Disclaimer: Racers, fans, and keyboard warriors alike, don’t let this article hurt your feelings. Do not mistake my blunt statements/facts for arrogance—or do. Racers, you may not like the honesty here. Fans, you may not agree with or understand my point of view, as you were not the one out there on the battlefield. Keyboard warriors, well, there’s nothing I can tell you that you don’t already know, right?
Sitting on my comfortable couch and watching the first couple rounds take place, I’m jealous I’m not out there racing, but it is kind of nice to just watch after 17 straight supercross rounds. Props to the 450 guys who finished supercross and headed straight into 12 Lucas Oil Pro Motocross rounds. It’s insanity.
Anyway, while watching round one at Hangtown, I made an observation and posted it on Facebook. My observation was that the rookie Garrett Marchbanks, while obviously extremely fast, has a lot of fairly major flaws in his technique. I stated that he needed to fix them fast, because riding at such a high level of speed with that many flaws in technique is a dangerous combination.
Holy cow, did I receive some flak for that one, and I’m probably going to receive even more now. Responses like, “That’s easy to say when you’re sitting on the couch” and “he can still smoke you.” All of which, yes, are true. Garrett is faster than me, no question about it. But here’s where the comments started grinding my gears. Another pro rider (I hope he reads this) stated that technique doesn’t matter when you’re going that fast, everyone has their own style, who cares if he rides on the edge, then threw in the fact that I came off as arrogant just as a cherry on top. This comment was so incredibly wrong, I could not even bring myself to argue it. Yet a handful of people agreed with him and attempted to back up his point of view, which is what brings me here.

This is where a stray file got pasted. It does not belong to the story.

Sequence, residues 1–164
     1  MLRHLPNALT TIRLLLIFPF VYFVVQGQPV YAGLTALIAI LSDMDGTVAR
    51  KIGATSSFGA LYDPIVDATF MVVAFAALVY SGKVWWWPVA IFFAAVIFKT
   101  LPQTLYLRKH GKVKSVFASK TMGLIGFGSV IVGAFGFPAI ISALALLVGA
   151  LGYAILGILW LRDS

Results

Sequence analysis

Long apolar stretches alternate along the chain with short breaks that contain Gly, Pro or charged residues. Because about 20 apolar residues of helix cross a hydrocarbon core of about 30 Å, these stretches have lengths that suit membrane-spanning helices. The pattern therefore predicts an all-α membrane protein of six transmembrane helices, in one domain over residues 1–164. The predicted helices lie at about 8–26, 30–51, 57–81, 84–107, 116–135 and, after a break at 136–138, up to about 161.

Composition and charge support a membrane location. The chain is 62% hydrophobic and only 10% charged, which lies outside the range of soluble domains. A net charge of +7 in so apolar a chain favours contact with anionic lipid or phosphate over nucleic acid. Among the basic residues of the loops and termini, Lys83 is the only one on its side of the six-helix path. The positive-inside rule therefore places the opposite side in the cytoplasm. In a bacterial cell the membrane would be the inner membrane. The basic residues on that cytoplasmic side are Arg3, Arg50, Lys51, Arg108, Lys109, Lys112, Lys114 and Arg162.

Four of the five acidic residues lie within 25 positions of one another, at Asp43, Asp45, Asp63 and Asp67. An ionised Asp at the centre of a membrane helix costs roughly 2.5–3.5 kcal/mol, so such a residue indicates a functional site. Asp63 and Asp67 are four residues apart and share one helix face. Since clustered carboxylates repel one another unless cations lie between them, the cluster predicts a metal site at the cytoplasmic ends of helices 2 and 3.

I will go more in depth on Marchbanks’ specific issue along with other riders, but let’s start simple here. The first confusion seems to be the difference between style and technique. Let me explain.
Technique: Technique is the foundation of everything you do on a motorcycle. It all begins with the proper “attack” position, from your feet all the way up to your head. Without a strong attack position, progressing in other areas of your riding is going to become increasingly difficult and dangerous. Technique is also how your brake, accelerate, turn, and jump. There are baseline techniques that you would use in 90 percent of situations (techniques that I teach at all of my academies—sign up today at ajcatanzaro.com). Obviously, at a pro level, there are many situations that arise that would be “exceptions to the rule,” but for the most part as a rider, you will always stick to the basics. There are no secrets that the pros have that any rider at any level can learn; the top pros just eat, sleep, and breathe it. It becomes something they can do subconsciously without having to have constant, conscious thoughts on what to do. Examples of proper technique would be riding on the balls of your feet, toes pointed in, knees behind your footpegs while standing, hips unlocked, elbows up (especially the inside elbow in turns), proper wheel chatter while braking, utilizing the front brake in turns to guide the front wheel in a rut, etc.